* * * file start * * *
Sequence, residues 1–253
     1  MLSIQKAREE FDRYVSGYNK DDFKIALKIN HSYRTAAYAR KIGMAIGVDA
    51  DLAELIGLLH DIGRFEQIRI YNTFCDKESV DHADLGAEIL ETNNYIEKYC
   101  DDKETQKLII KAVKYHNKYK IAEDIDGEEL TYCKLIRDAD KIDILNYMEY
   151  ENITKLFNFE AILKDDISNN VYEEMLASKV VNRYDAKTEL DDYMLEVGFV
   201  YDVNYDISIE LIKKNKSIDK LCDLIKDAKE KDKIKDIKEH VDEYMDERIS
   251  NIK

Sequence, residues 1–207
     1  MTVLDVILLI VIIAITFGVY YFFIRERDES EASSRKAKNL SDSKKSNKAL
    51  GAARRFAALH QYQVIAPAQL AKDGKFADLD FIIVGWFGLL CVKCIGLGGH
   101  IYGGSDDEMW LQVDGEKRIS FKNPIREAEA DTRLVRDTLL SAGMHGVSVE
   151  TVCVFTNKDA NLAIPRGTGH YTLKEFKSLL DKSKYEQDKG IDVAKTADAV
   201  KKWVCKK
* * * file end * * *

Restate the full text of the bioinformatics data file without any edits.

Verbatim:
Sequence, residues 1–253
     1  MLSIQKAREE FDRYVSGYNK DDFKIALKIN HSYRTAAYAR KIGMAIGVDA
    51  DLAELIGLLH DIGRFEQIRI YNTFCDKESV DHADLGAEIL ETNNYIEKYC
   101  DDKETQKLII KAVKYHNKYK IAEDIDGEEL TYCKLIRDAD KIDILNYMEY
   151  ENITKLFNFE AILKDDISNN VYEEMLASKV VNRYDAKTEL DDYMLEVGFV
   201  YDVNYDISIE LIKKNKSIDK LCDLIKDAKE KDKIKDIKEH VDEYMDERIS
   251  NIK

Sequence, residues 1–207
     1  MTVLDVILLI VIIAITFGVY YFFIRERDES EASSRKAKNL SDSKKSNKAL
    51  GAARRFAALH QYQVIAPAQL AKDGKFADLD FIIVGWFGLL CVKCIGLGGH
   101  IYGGSDDEMW LQVDGEKRIS FKNPIREAEA DTRLVRDTLL SAGMHGVSVE
   151  TVCVFTNKDA NLAIPRGTGH YTLKEFKSLL DKSKYEQDKG IDVAKTADAV
   201  KKWVCKK